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26 julho 2015
03 julho 2015
“I don’t advocate drugs and whiskey and violence and rock and roll, but they’ve always been good to me.”
The quip above, written by Hunter S. Thompson for Playboy shortly before his death in 2005, captures what many readers best knew him for and still remember. Beginning with the publication of Hell’s Angels in 1966, rising with “The Kentucky Derby is Decadent and Depraved” in 1970 and reaching its zenith in Fear and Loathing in Las Vegas, the second part of which was published by Rolling Stone 43 years ago this month, Thompson forged a lasting persona for himself as an outlaw journalist. It was astonishingly successful — his books, film adaptations and general cultural influence are all testaments to that — but it came largely at the expense of his first love: novel-writing.
Although readers today associate Thompson most with his drug-and-booze-fueled antics, he was in fact a committed literary stylist, especially early on. As a child growing up in Louisville in the ‘50s, he would type out his favorite novels, particularly The Great Gatsby and The Sun Also Rises, over and over again to get a feel for the words. This aspiration, melded with his initially frustrated writing career, made Thompson a harsh literary critic, if not a bit of a dick. An example:
“I have tonight begun reading a stupid, shitty book by Kerouac called Big Sur, and I would give a ball to wake up tomorrow on some empty ridge with a herd of beatniks grazing in the clearing about 200 yards below the house. And then to squat with the big boomer and feel it on my shoulder with the smell of grease and powder and, later, a little blood.”
That comes from a letter by Thompson to a friend in 1962. Throughout his personal correspondence (published during his lifetime in two volumes,) Thompson digs into contemporary writers and classics with his trademark venom, but he also occasionally recommends a book to an acquaintance — and then he gushes.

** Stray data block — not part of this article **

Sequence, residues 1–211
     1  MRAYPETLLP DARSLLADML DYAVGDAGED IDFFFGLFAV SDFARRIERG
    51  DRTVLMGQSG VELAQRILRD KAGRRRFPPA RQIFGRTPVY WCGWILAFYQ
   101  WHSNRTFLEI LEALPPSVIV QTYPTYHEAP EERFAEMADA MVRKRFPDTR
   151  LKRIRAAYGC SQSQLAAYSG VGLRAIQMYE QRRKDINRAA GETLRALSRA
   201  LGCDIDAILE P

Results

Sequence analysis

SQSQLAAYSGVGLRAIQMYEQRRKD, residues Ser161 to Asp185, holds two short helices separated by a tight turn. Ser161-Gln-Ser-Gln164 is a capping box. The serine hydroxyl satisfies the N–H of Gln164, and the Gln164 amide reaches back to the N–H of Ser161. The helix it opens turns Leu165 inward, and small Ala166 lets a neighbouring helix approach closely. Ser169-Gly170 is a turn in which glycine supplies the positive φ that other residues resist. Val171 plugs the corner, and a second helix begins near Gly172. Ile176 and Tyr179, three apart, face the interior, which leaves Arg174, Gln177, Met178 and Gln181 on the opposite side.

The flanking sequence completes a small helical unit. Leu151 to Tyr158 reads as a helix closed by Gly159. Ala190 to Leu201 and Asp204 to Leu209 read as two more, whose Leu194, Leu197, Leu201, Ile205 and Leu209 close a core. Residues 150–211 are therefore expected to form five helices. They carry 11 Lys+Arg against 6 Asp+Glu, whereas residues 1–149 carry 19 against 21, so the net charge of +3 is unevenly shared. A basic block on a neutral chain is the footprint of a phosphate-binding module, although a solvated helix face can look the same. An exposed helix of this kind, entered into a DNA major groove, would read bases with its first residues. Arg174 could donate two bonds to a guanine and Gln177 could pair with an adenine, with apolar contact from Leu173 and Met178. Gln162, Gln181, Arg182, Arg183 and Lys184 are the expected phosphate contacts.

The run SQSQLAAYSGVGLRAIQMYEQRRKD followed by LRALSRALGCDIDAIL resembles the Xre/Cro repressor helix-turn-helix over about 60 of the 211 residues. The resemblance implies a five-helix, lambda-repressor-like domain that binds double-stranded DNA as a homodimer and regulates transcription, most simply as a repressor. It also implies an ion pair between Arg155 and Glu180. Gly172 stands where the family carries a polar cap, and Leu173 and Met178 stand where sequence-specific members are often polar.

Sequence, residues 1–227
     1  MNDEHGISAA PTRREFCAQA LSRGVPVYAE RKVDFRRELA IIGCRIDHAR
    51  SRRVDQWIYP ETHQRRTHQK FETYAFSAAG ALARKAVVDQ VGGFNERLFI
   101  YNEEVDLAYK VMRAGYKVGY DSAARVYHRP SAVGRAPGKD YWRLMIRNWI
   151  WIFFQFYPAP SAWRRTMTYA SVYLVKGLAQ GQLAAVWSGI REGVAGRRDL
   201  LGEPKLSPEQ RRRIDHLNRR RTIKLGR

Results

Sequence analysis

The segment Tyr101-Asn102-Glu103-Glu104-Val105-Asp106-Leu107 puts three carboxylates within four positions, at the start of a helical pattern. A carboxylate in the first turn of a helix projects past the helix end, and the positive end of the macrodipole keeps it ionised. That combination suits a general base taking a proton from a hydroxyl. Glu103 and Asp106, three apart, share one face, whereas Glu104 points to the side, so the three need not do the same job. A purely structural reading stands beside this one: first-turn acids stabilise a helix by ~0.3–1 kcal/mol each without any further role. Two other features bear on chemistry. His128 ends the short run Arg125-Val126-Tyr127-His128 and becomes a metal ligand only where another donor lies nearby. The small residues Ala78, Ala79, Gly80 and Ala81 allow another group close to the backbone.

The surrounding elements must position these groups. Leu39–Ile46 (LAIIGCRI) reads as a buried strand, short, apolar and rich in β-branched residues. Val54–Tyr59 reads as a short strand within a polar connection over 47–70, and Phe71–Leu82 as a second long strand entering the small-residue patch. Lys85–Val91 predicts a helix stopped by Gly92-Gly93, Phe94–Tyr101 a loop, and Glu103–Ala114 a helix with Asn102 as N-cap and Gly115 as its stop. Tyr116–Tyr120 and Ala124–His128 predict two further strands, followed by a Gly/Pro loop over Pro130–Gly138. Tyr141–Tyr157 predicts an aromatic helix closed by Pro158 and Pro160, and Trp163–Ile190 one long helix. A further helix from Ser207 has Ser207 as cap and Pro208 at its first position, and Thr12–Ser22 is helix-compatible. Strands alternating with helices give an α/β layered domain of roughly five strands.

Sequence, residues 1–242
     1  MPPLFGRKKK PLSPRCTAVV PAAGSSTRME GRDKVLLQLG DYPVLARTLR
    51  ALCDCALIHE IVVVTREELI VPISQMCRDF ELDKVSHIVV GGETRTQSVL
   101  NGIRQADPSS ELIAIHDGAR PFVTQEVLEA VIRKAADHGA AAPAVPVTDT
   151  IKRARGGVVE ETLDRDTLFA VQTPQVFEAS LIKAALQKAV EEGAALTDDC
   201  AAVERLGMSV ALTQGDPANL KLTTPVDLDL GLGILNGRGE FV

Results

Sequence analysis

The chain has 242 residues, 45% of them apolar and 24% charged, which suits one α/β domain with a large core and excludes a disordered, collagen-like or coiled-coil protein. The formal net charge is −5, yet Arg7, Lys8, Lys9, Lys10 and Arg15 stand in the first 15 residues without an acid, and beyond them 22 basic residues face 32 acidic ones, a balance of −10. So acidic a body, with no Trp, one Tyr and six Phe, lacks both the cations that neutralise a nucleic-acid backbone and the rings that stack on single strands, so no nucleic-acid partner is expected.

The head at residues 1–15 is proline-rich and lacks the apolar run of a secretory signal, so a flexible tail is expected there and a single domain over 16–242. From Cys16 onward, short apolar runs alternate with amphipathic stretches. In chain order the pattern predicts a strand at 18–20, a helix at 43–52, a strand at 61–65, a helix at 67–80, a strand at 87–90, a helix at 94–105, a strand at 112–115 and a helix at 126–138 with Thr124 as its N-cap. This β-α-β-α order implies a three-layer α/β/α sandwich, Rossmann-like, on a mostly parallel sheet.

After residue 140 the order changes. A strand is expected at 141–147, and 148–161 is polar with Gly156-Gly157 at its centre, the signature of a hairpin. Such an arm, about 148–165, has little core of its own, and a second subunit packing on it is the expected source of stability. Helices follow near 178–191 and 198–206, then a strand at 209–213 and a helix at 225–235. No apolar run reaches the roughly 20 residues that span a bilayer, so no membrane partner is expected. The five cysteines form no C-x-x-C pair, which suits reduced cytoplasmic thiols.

These are a few of the reads Thompson recommended before Fear and Loathing in Las Vegas, before he had become an outlaw journalist, back when he was just a desperate Southern gentleman:
To Knopf Editor Angus Cameron:
“Fiction is a bridge to the truth that journalism can’t reach. Facts are lies when they’re added up, and the only kind of journalism I can pay much attention to is something like Down and Out in Paris and London. …But in order to write that kind of punch-out stuff you have to add up the facts in your own fuzzy way, and to hell with the hired swine who use adding machines.”
To high school friend Joe Bell:
“To say what I thought of The Fountainhead would take me more pages than I like to think I’d stoop to boring someone with. I think it’s enough to say that I think it’s everything you said it was and more. Naturally, I intend to read Atlas Shrugged. If it’s half as good as Rand’s first effort, I won’t be disappointed.”
To Knopf Editor Angus Cameron:
“If history professors in this country had any sense they would tout the book as a capsule cram course in the American Dream. I think it is the most American novel ever written. I remember coming across it in a bookstore in Rio de Janeiro; the title in Portuguese was O Grande Gatsby, and it was a fantastic thing to read it in that weird language and know that futility of the translation. If Fitzgerald had been a Brazilian he’d have had that country dancing to words instead of music.”